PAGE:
Earlier today, heavily-armed masked men in military attire, stormed two Ukraine corvettes, Lutsk and Khmelnitsky, in what is now Russian territory at the port of Sevastopol. Perhaps considering Ukraine said it had pulled its troops from Crimea, they should also have pulled their ships, although it is unclear just where they would pull them to. Regardless, this is what the actual storming of the ships looked like.
With senior German officials expecting discussions among leaders at the EU Summit to solely focused on a second round of sanctions against Russia (and warnings that they "must avoid a spiral of sanctions"), we thought it worth drilling down on just how mutually-dependent the two regions are. As Acting-Man's Pater Tenebrarum notes, the following infographics suggest tit-for-tat sanctions could be a really big problem for Europe and why the EU's leaders are probably quietly praying for the crisis to simply go away.
Fact or Fiction...
"...under no circumstance is there ever a justification of the pre-emptive deployment if Hillary Clinton anywhere by any country..."
Treasuries ended the day practically unchanged. Gold, despite some early weakness, ended the day unchanged. The USD ended higher on the day - extending post-Yellen gains but was essentially flatlining aside from concerted buying pressure from 3ET to 7ET. Copper kept falling (as did silver) and oil prices slipped lower. VIX pressed lower as stocks rallied out of the gate but VIX diverged notably after Europe's close to 15% with a few minutes to go. So, given all of that, where do you think stocks closed? Thanks to a pre-CCAR ramp in US financial stocks (which notably diverged from financial credit spreads), and an idiotic 0.5 vol smackdown in VIX, US equities managed to clamber their way back up to pre-FOMC levels before giving some back inthe late-day (with a mini-melt-up into the close). AUDJPY ruled the 'fundamental'-driven US equity markets from open to close.
Each time the Fed has lowered the overnight lending rate, the next set of increases have never exceeded the previous peak. This is due to the fact, that over the last 35 years, economic growth has been on a continued decline. Increases in interest rates are not kind to the markets either. Each time the Fed has started increasing the overnight lending rates. Each time has seen either market stagnation, declines, or crashes. Furthermore, it is currently implied that the Fed funds rate will increase to 3% in the future, yet the current downtrend suggests that an increase to 2% is likely all that can be withstood. According to Jim Cramer last night, he said the idea of rising interest rates shocked the markets, however, in the long-term it's a positive sign. Rates rise as the economy does better. The assumption he makes is that as the economy "catches fire" and corporate profits increase, then it is natural for interest rates to rise also. If a growing economy is a function of expanding profitability, then what is wrong with the chart below...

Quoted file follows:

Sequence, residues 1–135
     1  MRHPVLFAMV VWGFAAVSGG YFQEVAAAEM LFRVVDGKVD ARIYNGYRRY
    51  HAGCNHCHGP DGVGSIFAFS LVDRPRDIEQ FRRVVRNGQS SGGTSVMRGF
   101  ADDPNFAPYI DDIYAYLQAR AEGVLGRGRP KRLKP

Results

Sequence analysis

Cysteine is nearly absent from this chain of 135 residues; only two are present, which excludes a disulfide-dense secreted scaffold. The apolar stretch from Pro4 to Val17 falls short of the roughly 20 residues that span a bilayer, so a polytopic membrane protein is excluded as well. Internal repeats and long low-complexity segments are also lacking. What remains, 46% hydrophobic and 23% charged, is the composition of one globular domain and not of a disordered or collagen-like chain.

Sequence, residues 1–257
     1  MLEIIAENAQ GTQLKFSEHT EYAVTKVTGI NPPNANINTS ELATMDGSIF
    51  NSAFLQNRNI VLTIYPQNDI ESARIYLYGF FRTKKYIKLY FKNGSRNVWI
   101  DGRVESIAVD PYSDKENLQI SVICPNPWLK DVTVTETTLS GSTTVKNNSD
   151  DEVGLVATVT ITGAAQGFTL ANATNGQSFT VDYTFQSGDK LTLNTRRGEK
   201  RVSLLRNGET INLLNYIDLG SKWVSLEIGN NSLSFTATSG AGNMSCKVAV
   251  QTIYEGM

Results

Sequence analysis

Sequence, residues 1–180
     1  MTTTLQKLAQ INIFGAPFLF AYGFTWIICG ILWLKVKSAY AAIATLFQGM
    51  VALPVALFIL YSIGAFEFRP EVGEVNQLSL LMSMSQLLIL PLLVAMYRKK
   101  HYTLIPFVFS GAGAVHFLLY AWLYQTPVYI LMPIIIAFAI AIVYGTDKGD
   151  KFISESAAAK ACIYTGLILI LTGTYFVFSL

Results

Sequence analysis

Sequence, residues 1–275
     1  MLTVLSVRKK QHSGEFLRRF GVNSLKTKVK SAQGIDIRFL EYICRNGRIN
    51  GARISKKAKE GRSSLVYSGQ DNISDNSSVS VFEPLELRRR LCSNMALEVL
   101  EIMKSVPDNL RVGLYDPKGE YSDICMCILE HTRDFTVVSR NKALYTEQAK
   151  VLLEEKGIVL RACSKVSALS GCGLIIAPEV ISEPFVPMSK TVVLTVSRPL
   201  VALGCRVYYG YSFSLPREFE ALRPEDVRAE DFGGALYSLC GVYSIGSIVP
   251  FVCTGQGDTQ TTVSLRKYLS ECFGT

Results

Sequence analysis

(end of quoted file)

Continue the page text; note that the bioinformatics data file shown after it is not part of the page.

Last week we discovered that Gazprom's Chairman Viktor Zubkov sold his entire stake in the company days before the Crimean invasion (and subsequent sanctions and asset freezes). Today, on the heels of the latest round of US sanctions against Russia's so-called "Putin cronies"; Cyprus-based oil trader Gunvor Group announced that co-founder Gennady Timchenko (estimated wealth $8.5 billion) - who was named on today's sanctions list - sold his entire 44% stake in the company yesterday. The question is - as we show below - did the US Treasury tip Timchenko off to what was coming?
Ukraine's honeymoon period with its new rulers may end far sooner that most expect, and it will be certainly accelerated with news such as this. A few hours ago, Interfax reported that Ukraine expects to increase domestic gas prices by 40% once discounted import prices from Russia expire, the country’s Energy Minister Yury Prodan told journalists in the European Parliament on Thursday.